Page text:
all Matter Civill or Military in this County till further Regulations be made. 5. Resolved. That we and Each of us will most strictly adhere to all such measures as our said Committee or the Major Part of them shall from time to time prescribe for our Conduct and that we will support and Defend them in this Matter at the Expence of our Lives and fortunes if Called thereto. 6.Resolved. That we will Immediately put ourselves in the best posture of Defence in our power, that to this End we will prevent all unnecessary use of gun Powder or other ammunition in our Custody. 7. Resolved. That if any of us shall hereafter, Know of any person or persons that shall by any ways or means Endeavour to prevent or Counteract this our Design, we will Immediately give notice thereof to the Committee that proper Measures may be taken for our Safety. 8. Resolved. That we and Each of us will Pay our proportion of all such sums of Money as may be Necessary for Carrying these matters into Execution, and finally, that we will share in and submit to the Event of this undertaking however it may terminate, to the true performance of all which we bind and obligate ourselves firmly each to other on penalty of being Esteemed Enemies and traitors to our Country and Submitting ourselves to popular Resentment. The whole assembly subscribed to the foregoing Resolves. The Body then Voted. 1. That the above named Committee shall be a standing Committee to make application to the Massachusetts Congress. Also to Conduct all Matters Civil or Military in the County till further Regulations be made. Voted that we will have no Dealings or Connections with any Person or Persons for the future that shall Refuse to Enter into the foregoing or similar Resolutions. A true Copy from the Minutes.Israel Perley Clerk. Dated at Maugervile on the River St. Johns May the 21, 1776.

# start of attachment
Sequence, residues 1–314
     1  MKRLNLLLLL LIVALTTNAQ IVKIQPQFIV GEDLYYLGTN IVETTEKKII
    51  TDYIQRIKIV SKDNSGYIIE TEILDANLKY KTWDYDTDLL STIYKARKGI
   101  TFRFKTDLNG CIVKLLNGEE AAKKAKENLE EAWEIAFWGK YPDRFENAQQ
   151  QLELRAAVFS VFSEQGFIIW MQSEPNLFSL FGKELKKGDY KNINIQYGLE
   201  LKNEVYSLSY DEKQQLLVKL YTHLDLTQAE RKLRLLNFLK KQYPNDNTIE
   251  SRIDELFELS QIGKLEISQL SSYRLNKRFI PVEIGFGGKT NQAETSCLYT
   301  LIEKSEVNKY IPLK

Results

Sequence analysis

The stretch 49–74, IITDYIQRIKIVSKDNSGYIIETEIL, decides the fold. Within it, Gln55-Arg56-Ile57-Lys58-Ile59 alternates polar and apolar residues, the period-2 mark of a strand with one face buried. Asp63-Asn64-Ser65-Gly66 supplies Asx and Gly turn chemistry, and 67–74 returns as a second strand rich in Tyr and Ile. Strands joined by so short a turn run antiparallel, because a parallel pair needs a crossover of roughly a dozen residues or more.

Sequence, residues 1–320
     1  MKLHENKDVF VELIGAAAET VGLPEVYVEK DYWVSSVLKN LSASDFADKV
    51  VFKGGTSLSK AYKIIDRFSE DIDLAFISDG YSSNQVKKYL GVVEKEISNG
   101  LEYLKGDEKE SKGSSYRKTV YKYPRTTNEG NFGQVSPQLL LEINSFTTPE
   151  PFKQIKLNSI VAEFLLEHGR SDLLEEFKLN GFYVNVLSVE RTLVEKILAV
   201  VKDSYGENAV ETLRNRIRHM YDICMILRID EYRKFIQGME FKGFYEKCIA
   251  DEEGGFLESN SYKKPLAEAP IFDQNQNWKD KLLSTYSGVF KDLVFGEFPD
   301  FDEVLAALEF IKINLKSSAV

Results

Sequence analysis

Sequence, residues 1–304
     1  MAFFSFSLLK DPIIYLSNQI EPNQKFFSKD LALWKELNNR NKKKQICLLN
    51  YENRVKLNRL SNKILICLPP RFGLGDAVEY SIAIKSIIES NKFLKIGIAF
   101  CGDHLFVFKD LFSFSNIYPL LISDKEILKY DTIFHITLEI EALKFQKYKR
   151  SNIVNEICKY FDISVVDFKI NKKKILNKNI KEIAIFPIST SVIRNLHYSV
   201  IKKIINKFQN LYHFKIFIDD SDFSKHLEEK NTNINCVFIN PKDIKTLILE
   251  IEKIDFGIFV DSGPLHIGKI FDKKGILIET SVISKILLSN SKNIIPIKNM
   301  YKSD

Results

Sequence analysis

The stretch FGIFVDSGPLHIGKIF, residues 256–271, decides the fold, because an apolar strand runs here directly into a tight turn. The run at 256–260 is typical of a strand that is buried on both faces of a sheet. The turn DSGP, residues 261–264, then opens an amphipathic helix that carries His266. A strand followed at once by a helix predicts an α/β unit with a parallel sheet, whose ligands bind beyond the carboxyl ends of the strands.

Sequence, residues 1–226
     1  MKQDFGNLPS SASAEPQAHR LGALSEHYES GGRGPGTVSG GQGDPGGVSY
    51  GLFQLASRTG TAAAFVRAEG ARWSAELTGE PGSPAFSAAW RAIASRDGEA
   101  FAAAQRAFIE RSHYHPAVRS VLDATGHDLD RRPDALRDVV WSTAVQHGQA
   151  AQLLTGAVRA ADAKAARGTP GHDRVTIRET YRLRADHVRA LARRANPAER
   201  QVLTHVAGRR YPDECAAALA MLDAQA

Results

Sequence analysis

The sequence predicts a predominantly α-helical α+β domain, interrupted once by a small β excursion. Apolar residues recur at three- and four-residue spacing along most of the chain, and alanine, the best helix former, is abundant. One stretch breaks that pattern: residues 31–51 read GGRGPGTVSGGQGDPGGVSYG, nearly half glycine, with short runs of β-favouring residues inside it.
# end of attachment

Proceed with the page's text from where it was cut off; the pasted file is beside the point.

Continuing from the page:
This text is part of:
Table of Contents:
Chapter 1 : Ancestry.— 1764 - 1805 .
Chapter 2 : Boyhood.— 1805 - 1818 .
Chapter 3 : Apprenticeship.— 1818 - 1825 .
Chapter 4 : editorial Experiments.— 1826 - 1828 .
Chapter 5 : Bennington and the Journal of the Times — 1828 - 29 .
Chapter 6 : the genius of Universal emancipation. — 1829 - 30 .
Chapter 7 : Baltimore jail, and After.— 1830 .
Chapter 8 : the Liberator — 1831 .
Chapter 9 : organization: New-England Anti-slavery Society .—Thoughts on colonization.— 1832 .
Chapter 10 : Prudence Crandall .— 1833 .
Chapter 11 : first mission to England .— 1833 .
Chapter 12 : American Anti-slavery Society .— 1833 .
Chapter 13 : Marriage.— shall the Liberator die? — George Thompson .— 1834 .
Chapter 14 : the Boston mob ( first stage).— 1835 .
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